Europe’s forgotten gem
When life gives you cheap flights, grab them with both hands.
£8 two people + £30 hotel = two days in the city of Luxembourg. I think anyone would be crazy to turn down this latest adventure that me and Filip literally grabbed with both hands. London’s Stansted airport has become an all too familiar sight to us meaning we blissfully bi-passed all of the other confused lost jet setters, breezed through security finding ourselves a spot in Harris & Hoole where we commenced another all to familiar task of coffee/cake consumption. Travel was on our side today unlike the start of our last much bigger voyage, our plane boarded on time allowing us to settle into our seats, myself opting for an episode of AHS where as Filip took the normal more creative route of sketching a photo from his recent trip to Edinburgh. One AHS episode barely complete announced the arrival of our 75ton arrow shaped lump of metal onto Luxembourg soil. This being an evening flight as well as the dense fog that our pilot some how managed to guide us through (Oh technology you amaze us all) the cold air greeted us kindly as we clambered our way down the aircraft steps into the terminal building where we were greeted by the always stern faced border control officials. Now I’m not sure if we are just generally lucky but we almost never have any hassle when it comes to queues and border control, I’ve heard some horror stories and at this point I’m just not sure whether i can accept any of them in the future since again we simply walked through without a delay. Perhaps its our extremely long legs, tip toeing through the terminals ever so fast beating the rest of the plane to the finish line.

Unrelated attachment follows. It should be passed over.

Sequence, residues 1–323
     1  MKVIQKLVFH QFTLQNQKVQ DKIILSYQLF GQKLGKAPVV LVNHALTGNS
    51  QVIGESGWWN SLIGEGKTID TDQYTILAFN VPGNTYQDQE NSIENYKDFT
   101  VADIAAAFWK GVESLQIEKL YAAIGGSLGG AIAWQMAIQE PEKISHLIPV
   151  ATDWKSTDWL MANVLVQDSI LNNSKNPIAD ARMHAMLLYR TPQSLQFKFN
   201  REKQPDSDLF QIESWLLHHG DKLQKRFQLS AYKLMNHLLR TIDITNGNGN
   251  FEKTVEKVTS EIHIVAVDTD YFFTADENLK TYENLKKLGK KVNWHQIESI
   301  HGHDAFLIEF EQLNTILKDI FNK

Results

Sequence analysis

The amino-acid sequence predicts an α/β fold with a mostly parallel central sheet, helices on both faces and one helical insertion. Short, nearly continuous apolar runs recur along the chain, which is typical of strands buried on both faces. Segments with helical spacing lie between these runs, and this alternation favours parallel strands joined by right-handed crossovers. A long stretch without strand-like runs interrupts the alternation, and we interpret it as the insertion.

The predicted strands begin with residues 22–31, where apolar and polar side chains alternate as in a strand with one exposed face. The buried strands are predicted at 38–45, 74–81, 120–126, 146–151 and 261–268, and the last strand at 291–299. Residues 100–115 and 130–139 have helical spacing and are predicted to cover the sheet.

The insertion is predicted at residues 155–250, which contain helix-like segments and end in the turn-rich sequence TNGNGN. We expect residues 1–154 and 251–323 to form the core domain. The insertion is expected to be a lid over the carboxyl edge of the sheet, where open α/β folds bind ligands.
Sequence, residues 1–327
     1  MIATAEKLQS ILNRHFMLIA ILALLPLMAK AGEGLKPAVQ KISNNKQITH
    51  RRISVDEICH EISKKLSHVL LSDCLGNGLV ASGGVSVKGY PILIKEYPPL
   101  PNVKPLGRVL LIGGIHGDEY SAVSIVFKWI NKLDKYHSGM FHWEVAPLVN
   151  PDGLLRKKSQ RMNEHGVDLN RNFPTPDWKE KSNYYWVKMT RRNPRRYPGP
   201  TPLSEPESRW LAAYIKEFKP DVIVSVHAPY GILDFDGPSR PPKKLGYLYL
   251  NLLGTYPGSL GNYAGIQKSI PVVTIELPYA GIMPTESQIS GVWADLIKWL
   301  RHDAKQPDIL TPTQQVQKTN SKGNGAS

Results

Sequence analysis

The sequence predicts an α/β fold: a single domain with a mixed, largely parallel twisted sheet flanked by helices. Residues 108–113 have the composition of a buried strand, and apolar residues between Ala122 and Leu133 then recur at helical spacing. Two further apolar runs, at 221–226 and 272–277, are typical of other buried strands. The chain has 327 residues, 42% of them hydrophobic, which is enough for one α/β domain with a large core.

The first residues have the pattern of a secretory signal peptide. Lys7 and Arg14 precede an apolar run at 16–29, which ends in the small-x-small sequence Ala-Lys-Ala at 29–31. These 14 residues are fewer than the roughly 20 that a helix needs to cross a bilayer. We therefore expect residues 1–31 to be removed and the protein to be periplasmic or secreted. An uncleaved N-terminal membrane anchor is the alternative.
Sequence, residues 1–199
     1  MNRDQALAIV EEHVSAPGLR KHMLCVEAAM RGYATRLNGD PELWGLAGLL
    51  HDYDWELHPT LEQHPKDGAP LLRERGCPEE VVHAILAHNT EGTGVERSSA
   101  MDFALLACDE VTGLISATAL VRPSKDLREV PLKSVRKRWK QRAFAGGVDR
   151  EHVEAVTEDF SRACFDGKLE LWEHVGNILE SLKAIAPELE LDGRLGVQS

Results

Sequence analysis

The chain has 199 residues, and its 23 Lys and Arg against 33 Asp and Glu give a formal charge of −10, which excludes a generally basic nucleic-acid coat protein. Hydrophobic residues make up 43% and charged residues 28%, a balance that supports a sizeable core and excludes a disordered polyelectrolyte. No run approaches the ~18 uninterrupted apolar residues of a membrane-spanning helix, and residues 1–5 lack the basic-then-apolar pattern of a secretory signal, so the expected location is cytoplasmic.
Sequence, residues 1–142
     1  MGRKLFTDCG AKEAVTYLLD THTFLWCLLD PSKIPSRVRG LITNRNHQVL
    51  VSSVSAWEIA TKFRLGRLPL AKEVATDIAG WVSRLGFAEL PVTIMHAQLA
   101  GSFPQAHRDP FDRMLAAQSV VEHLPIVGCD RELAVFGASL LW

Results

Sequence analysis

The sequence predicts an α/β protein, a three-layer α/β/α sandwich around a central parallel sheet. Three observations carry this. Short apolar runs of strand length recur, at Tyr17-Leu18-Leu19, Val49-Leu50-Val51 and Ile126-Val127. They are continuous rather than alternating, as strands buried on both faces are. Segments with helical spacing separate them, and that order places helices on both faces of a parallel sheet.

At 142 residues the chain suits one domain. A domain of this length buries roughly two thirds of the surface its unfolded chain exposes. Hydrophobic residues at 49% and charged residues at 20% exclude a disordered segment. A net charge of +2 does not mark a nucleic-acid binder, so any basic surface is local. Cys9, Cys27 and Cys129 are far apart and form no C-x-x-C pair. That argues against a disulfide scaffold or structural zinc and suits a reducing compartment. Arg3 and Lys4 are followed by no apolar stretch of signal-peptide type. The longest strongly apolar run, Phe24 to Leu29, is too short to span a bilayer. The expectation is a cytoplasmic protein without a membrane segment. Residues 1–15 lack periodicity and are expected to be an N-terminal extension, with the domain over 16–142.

Airports with easy public transport links right outside generally will always have a place in my heart, with only a matter of minutes gone by since leaving our plane we purchased two €2 bus tickets, before boarding the number 16 bus that would take us for 20minutes through the cities streets with glimpses of modern architecture rising above the rich history that is obviously notable all around.
Our hotel room was bright and spacious with high ceilings that would be a delight for any family of spiders, one noticeable missing feature of our room however was a lack of bathroom, which strangely enough was located opposite our room in the corridor. The floor in this hotel was not to be trusted, we were only one floor up but from the stairs to our room, which was only a mere few steps away, the floor felt like it was caving in on itself. Like a shallow bouncy castle the floor dipped and pressed in, this was not a floor and I for one was certainly not pleased with it, so much that I refused to walk across the corridor. Instead I leaped to the bathroom and side stepped along the corridor to the stairs and back. After paying visit to the amusement parks crooked house, oh sorry let me start that again…After dropping our bags off into our hotel room we headed back out to grab a light bite to eat in ‘Vapiano’, an Italian styled self service restaurant that gives you the sense of an up scale establishment but without the actual table service. Self service can be a pain if you’re indecisive as us as you end up running back and forth in the restaurant, getting the feeling of being in your own kitchen, oh yeah and we don’t speak French, that makes ordering food easier, doesn’t it? But seriously, enough complaining because the food was pretty great. Once we fulfilled our dietary needs we tasted our first Luxembourg brewed beer before deciding to head back in preparation for our sightseeing packed day ahead.